82 RussianJet : I agree with an awful lot of what you say, but please don't judge us by these dreadful rags! I read them sometimes purely to be appalled and laugh at
83 Post contains images aloges : Don't fear that I might. The Axel Springer company is a sort of German equivalent, albeit less anti-EU. At the end of the day, we should definitely b
84 Post contains links NAV20 : Just 'one-liners,' aloges - not contributing anything to the discussion. Do you agree that the Eurozone, in particular, is in very deep trouble? And
85 aloges : Reply #81 contains three paragraphs, the first of which contains thre lines (and a bit) of text. You choose to quote the other two which contain one
86 Post contains images PanHAM : Normally, the English language is better suited for puns than the German language, with a few exceptions like "der Morgen graut/dem Morgen graut" wher
87 oldeuropean : Yep, this sums it up.
88 LH7478i : On a side note, what would happen to Ireland if the UK left? From what I know the UK is the biggest trade-partner from Ireland. What would change tari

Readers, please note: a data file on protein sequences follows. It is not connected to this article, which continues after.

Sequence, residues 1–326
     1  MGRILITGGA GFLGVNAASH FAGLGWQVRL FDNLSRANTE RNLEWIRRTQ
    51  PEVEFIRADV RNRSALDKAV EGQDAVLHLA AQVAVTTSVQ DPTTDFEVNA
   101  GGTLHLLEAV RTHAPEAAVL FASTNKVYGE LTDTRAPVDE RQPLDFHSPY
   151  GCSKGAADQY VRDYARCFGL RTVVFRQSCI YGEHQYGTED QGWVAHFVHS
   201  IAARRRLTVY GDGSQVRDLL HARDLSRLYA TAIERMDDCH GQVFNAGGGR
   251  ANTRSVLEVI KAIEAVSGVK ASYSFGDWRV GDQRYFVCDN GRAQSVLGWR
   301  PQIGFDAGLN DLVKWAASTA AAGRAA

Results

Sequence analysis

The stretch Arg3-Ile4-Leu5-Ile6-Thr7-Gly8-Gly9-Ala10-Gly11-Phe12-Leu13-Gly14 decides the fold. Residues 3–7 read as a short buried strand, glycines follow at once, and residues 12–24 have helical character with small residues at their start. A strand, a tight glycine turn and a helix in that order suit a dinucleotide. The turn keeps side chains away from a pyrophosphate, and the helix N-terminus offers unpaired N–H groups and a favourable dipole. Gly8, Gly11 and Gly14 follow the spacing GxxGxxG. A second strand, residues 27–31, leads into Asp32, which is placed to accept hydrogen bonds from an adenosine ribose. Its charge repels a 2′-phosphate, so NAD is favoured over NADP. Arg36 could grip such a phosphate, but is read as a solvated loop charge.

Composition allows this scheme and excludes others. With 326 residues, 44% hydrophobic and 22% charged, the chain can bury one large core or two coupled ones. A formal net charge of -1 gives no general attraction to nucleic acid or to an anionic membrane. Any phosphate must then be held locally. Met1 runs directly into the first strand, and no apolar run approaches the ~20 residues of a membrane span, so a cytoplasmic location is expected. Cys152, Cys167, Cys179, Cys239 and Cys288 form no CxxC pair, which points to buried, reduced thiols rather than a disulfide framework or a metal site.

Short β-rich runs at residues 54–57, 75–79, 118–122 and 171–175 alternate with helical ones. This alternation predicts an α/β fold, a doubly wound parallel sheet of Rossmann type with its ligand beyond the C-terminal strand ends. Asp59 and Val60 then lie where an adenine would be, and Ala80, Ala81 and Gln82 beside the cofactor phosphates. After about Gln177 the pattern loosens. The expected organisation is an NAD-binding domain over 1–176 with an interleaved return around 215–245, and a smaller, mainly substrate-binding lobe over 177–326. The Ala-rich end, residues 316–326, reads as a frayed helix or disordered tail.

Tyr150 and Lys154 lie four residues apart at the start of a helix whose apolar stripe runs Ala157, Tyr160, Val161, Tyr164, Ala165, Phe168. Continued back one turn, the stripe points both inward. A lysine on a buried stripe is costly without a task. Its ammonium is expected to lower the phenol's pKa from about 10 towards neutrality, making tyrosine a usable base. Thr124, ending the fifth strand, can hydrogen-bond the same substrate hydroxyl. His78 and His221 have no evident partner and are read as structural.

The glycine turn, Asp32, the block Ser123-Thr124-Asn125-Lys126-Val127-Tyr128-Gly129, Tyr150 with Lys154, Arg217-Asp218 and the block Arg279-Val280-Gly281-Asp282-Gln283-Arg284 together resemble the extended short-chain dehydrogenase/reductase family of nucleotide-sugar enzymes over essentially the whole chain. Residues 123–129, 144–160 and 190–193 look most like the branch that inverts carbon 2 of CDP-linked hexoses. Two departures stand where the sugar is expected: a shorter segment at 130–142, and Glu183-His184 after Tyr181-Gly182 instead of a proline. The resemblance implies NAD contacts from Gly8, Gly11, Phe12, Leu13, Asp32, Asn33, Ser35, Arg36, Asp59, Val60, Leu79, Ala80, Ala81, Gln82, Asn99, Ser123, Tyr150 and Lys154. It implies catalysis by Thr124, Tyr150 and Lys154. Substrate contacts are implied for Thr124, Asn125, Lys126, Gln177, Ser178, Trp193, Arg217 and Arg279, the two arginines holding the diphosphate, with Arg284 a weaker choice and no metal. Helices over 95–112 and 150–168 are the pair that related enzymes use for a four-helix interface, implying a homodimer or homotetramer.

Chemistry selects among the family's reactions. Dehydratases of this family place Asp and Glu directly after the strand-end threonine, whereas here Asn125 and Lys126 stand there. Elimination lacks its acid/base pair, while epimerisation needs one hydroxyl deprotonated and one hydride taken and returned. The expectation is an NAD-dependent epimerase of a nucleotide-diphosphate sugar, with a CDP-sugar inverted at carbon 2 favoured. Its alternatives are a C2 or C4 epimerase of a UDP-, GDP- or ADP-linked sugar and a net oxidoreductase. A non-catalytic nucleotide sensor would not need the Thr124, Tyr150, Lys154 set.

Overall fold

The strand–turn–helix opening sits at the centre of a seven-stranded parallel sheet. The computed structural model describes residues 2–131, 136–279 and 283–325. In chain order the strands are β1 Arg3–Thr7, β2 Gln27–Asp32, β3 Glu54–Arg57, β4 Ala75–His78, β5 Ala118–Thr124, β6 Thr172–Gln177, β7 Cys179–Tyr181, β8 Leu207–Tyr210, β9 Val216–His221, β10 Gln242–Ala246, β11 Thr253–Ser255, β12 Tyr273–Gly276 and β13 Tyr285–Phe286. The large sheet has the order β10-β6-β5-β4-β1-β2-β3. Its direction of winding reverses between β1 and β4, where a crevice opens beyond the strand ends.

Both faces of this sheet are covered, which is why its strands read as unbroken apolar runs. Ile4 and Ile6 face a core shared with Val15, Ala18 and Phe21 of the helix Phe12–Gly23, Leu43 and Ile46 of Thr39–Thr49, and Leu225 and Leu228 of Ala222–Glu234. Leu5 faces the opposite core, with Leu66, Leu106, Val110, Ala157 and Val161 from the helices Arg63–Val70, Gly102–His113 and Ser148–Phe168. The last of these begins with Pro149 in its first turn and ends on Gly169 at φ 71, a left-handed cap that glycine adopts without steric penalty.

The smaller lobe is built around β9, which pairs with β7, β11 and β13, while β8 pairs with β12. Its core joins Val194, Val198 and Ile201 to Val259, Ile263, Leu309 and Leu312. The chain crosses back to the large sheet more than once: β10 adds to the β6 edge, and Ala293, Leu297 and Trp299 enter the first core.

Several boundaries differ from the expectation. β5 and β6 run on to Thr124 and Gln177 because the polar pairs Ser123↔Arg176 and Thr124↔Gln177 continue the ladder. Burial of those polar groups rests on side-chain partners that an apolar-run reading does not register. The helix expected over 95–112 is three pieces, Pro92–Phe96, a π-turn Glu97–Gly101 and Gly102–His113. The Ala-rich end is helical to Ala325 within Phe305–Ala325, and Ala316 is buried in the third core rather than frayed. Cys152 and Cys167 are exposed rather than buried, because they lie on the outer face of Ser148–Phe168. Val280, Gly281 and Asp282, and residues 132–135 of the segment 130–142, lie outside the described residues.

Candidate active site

89 PanHAM : Nothing would happen to Ireland they would stay in the EU. The question is, what happens to the UK as a whole, would Scotland, Northern OIreland and W
90 RussianJet : It is at least reassuring that on the whole our European partners seem to want us in rather than out.
91 Post contains images Revelation : I know it's hard to explain double meanings, but I know "geht's nicht" is translated as "doesn't go" and is used widely for something that isn't work
92 stealthz : Interesting numbers there,,, you Brits,French and Germans having a pissing contest for who contributes most... Luxembourg TAKES almost 2 MILLION Euro
93 oldeuropean : It's the German word "doofer", which is pronounced nearly similar to "Dover". It means: more stupid. So "Dover geht's nicht" can be translated as: "I
94 Post contains images aloges : It's a play on "doofer", the comparative form of "doof" which is "stupid" or "daft" in English. "Geht's nicht" could be translated as "it doesn't get
95 Post contains images PanHAM : Doof = stupid Doofer = even more stupid Dover = Doofer (pronounciation is the same) word by word translation does not work, that's why I used "how st
96 Post contains images aloges : He just miscalculated: € 953 360 989 received from the EU divided by 524 853 (the latest population estimate on Wikipedia) gives you € 1816 recei